Once upon a time, there was a proud lion who roamed the savannah with an air of superiority. He was known throughout the land as the king of the jungle, and his powerful roar struck fear into the hearts of all who heard it.
One day, the lion came upon a group of animals who were gathered around a small pond, trying to get a drink of water. The lion, feeling thirsty himself, approached the pond and began to drink. But as he bent down to take a sip, he saw his reflection in the water and was struck by how handsome and powerful he looked.
“Who is the mightiest of them all?” the lion thought to himself. “It must be me!”
As he stared at his reflection, the lion began to feel a sense of pride and superiority. He began to strut around the pond, showing off his strength and prowess to the other animals who were watching.
But as he continued to preen and posture, he failed to notice the danger lurking nearby. A group of hunters had set a trap for the lion, hoping to catch him and sell him to a travelling circus. Despite the warnings of the other animals, the lion’s ego blinded him to the danger. He continued to show off, convinced that he was invincible and untouchable.
In the end, the hunters were successful, and the lion was captured and taken away from his natural habitat. He spent the rest of his days performing tricks and entertaining crowds, a shadow of his former self.
Ego can lead us to ignore warnings and put ourselves in harm’s way. Pride can blind us to the truth and cause us to make foolish decisions, leading to consequences that we may regret for a long time to come. It is important to listen to the advice of others and to approach life with humility and a willingness to learn from our mistakes.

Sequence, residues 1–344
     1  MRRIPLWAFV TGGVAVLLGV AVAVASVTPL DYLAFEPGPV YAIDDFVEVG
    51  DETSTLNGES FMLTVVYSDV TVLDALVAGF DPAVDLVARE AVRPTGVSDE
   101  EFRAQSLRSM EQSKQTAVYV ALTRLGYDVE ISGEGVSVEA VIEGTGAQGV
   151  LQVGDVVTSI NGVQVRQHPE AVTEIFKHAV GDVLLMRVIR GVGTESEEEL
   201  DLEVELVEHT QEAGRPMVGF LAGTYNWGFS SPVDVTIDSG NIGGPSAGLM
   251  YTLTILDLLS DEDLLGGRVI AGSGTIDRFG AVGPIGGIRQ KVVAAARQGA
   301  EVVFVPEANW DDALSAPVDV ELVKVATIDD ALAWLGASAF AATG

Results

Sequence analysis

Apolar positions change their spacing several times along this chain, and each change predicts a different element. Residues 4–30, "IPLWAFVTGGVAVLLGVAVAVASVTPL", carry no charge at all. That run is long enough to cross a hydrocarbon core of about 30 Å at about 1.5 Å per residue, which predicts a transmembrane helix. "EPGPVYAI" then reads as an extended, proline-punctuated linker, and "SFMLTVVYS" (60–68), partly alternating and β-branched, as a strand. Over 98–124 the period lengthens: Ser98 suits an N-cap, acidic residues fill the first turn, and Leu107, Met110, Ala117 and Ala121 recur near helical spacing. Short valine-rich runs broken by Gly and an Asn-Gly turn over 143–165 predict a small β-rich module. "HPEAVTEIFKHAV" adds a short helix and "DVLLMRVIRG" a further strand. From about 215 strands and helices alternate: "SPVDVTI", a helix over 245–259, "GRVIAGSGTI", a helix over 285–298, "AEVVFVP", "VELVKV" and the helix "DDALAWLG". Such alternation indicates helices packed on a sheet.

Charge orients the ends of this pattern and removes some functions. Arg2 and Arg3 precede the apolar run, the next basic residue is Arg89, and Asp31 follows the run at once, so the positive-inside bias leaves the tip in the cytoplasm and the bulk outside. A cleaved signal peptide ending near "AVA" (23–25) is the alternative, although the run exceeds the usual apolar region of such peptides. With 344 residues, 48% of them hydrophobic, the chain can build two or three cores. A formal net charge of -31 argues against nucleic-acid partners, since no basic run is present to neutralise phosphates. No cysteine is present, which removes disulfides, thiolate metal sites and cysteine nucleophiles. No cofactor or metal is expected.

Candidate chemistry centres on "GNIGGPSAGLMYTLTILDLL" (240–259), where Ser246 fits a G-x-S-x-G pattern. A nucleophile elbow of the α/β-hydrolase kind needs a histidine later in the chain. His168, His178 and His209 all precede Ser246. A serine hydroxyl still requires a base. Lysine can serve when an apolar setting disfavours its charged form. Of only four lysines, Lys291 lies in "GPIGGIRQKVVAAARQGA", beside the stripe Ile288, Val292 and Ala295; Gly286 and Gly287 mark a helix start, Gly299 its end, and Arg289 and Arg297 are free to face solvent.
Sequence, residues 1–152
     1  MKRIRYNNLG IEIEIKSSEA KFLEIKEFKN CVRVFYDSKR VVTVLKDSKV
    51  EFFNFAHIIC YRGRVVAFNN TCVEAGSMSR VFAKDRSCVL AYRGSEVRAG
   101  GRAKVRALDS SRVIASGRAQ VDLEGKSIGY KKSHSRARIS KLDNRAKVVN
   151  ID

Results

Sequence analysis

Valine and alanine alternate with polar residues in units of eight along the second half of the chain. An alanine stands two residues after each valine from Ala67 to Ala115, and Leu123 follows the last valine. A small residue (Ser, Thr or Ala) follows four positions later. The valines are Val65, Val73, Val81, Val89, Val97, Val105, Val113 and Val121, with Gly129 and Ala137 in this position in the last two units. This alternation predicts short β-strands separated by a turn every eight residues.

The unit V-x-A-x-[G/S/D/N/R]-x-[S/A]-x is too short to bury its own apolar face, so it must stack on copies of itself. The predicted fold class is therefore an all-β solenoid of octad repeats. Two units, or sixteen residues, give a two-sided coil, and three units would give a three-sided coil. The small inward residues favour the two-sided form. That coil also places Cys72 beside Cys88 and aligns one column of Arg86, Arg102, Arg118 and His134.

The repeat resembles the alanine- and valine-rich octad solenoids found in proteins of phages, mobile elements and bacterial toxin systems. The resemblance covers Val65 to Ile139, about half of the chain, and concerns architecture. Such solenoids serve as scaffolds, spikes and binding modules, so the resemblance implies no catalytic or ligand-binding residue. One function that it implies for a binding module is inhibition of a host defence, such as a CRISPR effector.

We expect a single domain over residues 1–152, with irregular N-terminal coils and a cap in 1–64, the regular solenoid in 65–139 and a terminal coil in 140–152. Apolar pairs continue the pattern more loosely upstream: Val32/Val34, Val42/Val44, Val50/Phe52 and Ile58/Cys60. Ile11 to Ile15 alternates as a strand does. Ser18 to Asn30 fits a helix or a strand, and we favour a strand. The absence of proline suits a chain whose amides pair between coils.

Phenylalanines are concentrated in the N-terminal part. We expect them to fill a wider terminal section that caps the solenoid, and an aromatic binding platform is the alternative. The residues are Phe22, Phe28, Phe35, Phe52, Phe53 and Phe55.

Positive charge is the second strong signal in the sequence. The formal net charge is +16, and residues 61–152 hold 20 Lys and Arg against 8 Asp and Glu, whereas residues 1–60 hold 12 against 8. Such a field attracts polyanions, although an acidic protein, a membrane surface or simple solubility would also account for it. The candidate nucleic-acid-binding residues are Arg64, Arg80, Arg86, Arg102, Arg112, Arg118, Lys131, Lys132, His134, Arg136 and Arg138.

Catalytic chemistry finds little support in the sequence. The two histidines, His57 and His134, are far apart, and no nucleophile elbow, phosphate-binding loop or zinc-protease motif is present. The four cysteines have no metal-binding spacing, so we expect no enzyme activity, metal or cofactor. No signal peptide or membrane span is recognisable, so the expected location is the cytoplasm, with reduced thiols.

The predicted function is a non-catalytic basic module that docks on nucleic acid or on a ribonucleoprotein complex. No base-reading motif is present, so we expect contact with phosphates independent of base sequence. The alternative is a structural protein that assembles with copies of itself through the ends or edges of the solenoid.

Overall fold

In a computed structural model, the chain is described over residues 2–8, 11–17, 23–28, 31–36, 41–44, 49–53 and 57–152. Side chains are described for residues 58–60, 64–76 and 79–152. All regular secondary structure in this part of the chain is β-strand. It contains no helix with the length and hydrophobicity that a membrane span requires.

Every human and both sexes have egos, but there is something extra about the male ego. The male ego is a complex psychological phenomenon that is influenced by a variety of factors, including biological, social, and cultural factors. At its core, the male ego can be understood as a sense of self-importance, often driven by a need for recognition, power, and status.
Research suggests that the male ego may be linked to testosterone, a hormone that is typically higher in men than in women. Testosterone has been shown to play a role in promoting competitiveness and dominance, which can contribute to a heightened sense of self-importance and a need for social status.
However, the male ego is not solely determined by biology. Social and cultural factors, such as upbringing, societal expectations, and media representations of masculinity, can also contribute to the development of the male ego.
Pause and really look around you, forget yourself long enough to ask yourself- If your wife was as accomplished as you are, would she take half the nonsense you are giving? Imagine a time is coming when she will be as accomplished or better. Learn to manage your ego, it’s urgent.
In the next edition of this, I’ll be sharing how to manage your ego.
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